2) Return to a Remote Workplace

The COVID-19 pandemic placed more pressure on CIOS than any other executive position outside of the CEO. CIOs had to adapt rapidly to the new normal called remote workplaces. They have to establish effective security protocols for electronic components located across a large area. Monitoring productivity also required implementing a new model. After a year into the pandemic, CIOS that got ahead of the new remote workplace helped their companies grow sales under extreme economic duress.

CIOs discovered that going remote or following the hybrid workplace paradigm saved their companies money because of a decline in the use of energy. With offices closed, water, security, and electrical bills all substantially decreased.

3) Adjust IT Service Contracts

CIOs automatically renew many IT service contracts because of the familiarity they have with providers that deliver optimal service. However, before the start of the next recession, revisiting each IT service contract is a good idea to control expenses.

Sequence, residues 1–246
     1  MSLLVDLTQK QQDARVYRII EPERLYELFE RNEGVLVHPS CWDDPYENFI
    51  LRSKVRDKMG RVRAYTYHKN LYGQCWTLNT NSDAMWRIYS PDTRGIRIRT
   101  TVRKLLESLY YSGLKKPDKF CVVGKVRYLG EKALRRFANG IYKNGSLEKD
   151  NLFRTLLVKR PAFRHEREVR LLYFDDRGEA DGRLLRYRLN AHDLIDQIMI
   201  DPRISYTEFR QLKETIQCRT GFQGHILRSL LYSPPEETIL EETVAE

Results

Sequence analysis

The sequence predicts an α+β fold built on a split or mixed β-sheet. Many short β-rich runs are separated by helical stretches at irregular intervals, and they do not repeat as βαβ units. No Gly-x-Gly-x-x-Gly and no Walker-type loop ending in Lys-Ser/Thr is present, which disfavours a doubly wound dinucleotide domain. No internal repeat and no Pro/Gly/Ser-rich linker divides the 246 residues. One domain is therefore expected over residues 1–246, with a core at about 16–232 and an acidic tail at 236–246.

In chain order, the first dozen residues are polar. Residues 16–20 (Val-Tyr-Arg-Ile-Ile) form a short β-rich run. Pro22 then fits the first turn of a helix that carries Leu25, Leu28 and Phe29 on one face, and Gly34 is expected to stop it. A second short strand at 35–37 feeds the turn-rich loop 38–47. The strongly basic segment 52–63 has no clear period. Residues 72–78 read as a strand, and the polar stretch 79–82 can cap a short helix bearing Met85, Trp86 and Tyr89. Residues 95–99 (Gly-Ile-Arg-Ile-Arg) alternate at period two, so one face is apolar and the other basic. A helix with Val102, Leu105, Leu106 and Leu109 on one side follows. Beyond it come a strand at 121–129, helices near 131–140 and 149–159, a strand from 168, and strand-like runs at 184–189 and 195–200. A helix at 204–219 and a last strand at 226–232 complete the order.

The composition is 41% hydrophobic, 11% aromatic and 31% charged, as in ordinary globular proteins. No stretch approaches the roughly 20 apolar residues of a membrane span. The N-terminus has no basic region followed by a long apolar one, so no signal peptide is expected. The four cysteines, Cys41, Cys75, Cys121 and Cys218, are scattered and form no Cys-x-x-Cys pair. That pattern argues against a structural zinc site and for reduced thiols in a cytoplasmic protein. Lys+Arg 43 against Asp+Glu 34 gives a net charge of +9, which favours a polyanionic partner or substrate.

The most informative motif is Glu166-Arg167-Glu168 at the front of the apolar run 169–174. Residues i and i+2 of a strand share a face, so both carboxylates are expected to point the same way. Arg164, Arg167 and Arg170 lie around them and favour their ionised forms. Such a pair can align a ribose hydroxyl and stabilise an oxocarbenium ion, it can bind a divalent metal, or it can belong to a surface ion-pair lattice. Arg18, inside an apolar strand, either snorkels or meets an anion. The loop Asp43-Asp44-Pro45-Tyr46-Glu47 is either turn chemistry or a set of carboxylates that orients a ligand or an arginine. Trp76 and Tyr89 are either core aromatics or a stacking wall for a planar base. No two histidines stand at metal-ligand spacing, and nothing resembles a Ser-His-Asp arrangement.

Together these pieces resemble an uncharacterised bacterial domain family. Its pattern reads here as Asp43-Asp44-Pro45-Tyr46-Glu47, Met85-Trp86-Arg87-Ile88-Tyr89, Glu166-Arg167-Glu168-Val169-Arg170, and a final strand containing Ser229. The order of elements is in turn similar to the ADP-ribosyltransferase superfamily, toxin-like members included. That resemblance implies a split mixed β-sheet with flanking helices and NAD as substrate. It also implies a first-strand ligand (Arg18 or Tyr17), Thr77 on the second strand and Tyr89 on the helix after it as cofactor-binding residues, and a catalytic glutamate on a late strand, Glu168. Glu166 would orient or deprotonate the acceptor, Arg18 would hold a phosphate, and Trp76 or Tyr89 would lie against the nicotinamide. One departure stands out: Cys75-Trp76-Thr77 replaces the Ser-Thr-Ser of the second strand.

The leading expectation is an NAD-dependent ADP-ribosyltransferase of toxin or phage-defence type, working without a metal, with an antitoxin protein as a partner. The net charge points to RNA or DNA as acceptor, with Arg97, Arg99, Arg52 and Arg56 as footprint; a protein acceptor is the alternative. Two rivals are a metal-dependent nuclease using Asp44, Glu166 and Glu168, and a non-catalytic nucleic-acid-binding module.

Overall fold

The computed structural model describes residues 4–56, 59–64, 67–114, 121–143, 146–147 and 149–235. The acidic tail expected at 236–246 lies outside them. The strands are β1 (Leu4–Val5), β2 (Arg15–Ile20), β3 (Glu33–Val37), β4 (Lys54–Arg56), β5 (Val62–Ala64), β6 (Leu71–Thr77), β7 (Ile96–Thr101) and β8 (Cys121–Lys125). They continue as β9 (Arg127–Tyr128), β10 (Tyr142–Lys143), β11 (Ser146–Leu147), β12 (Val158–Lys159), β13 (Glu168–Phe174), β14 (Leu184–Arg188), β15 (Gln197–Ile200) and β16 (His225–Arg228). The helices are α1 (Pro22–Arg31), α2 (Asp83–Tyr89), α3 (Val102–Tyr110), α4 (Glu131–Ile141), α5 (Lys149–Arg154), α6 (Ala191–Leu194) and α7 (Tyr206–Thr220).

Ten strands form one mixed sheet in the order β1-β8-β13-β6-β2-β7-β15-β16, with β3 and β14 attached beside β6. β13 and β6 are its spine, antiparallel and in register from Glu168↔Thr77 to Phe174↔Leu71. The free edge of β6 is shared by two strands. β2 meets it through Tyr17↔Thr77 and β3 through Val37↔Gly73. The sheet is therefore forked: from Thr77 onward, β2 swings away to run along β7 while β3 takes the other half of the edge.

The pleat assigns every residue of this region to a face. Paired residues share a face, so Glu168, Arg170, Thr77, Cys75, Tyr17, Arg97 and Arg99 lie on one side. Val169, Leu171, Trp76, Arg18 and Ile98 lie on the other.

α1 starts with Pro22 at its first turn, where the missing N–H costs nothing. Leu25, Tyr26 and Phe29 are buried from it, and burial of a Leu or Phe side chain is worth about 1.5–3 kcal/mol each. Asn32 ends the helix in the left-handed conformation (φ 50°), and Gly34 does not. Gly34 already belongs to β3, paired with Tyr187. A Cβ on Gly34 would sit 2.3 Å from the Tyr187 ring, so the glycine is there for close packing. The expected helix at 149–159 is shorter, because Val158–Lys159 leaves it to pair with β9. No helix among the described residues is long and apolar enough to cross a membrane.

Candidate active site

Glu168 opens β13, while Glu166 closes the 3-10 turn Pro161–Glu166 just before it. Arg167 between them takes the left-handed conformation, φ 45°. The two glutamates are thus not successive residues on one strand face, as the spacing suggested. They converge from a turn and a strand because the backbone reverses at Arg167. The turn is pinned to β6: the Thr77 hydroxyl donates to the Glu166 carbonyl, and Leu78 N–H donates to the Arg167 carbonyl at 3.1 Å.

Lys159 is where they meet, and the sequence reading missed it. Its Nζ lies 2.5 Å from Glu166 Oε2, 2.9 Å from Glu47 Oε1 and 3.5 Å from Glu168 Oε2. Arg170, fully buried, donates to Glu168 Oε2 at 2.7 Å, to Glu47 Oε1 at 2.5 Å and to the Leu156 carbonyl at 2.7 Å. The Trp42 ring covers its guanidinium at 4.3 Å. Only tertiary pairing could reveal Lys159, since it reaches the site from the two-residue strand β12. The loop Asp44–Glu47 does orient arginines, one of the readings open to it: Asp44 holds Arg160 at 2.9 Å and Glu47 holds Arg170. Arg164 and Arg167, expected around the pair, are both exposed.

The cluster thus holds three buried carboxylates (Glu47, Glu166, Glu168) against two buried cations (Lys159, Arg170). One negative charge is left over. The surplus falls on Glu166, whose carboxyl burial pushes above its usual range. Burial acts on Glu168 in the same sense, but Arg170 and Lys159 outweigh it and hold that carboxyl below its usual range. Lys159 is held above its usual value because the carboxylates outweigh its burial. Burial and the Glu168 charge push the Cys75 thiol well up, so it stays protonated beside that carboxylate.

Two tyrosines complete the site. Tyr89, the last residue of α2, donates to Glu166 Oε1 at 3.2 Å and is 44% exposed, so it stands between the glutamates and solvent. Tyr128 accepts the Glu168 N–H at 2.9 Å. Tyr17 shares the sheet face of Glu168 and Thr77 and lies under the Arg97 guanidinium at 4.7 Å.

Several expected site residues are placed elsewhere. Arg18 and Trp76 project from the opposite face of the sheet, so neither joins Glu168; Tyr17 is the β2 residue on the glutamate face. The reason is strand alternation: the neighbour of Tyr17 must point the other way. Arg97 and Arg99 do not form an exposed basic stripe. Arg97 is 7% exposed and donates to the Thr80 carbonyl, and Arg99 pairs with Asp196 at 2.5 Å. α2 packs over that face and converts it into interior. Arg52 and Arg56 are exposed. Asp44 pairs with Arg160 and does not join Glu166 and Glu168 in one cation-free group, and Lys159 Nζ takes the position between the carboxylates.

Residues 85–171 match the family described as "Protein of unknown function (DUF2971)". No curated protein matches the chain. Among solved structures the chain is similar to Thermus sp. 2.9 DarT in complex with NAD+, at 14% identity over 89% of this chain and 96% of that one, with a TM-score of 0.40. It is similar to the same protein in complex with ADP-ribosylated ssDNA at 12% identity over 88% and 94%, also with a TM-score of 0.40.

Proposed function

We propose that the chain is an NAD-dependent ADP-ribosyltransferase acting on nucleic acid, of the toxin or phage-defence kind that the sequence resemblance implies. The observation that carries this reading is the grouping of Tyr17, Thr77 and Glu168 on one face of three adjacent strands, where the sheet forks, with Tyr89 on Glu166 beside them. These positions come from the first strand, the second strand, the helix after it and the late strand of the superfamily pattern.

As the managing partner in advisory and transformation at West Monroe, Marc Tanowitz says,  “Providers that can deliver demonstrated, quantifiable, financial value can and should continue to be rewarded by their clients and customers, as this is key to successful growth in a recessionary environment. That said, buyers need to be sure that their value-added partners are financially strong and are not at risk of decreasing their investments in their products and services to the point that performance and quality can suffer.”

Work closely with external partners such as IT service companies to find ways to save money for both companies. IT service companies should find themselves in the same cost-cutting mode as your company. You can restructure an IT service to decrease costs, instead of eliminating what has been up until now a valuable service for your company.

4) Close Redundant Systems